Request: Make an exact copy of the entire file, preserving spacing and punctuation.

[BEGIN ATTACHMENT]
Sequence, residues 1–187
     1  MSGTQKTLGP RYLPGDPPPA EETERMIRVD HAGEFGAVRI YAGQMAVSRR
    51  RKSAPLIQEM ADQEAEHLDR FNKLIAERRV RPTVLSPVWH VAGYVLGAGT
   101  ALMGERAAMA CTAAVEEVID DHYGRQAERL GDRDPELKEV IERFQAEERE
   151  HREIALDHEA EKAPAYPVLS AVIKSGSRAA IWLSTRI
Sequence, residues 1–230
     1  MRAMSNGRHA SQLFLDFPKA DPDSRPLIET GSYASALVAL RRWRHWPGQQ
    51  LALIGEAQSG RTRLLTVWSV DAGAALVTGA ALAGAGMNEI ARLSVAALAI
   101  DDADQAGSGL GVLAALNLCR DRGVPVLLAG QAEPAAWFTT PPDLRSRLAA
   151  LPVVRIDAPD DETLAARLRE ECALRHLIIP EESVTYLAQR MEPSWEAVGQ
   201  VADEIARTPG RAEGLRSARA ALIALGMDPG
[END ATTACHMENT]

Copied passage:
Sequence, residues 1–187
     1  MSGTQKTLGP RYLPGDPPPA EETERMIRVD HAGEFGAVRI YAGQMAVSRR
    51  RKSAPLIQEM ADQEAEHLDR FNKLIAERRV RPTVLSPVWH VAGYVLGAGT
   101  ALMGERAAMA CTAAVEEVID DHYGRQAERL GDRDPELKEV IERFQAEERE
   151  HREIALDHEA EKAPAYPVLS AVIKSGSRAA IWLSTRI
Sequence, residues 1–230
     1  MRAMSNGRHA SQLFLDFPKA DPDSRPLIET GSYASALVAL RRWRHWPGQQ
    51  LALIGEAQSG RTRLLTVWSV DAGAALVTGA ALAGAGMNEI ARLSVAALAI
   101  DDADQAGSGL GVLAALNLCR DRGVPVLLAG QAEPAAWFTT PPDLRSRLAA
   151  LPVVRIDAPD DETLAARLRE ECALRHLIIP EESVTYLAQR MEPSWEAVGQ
   201  VADEIARTPG RAEGLRSARA ALIALGMDPG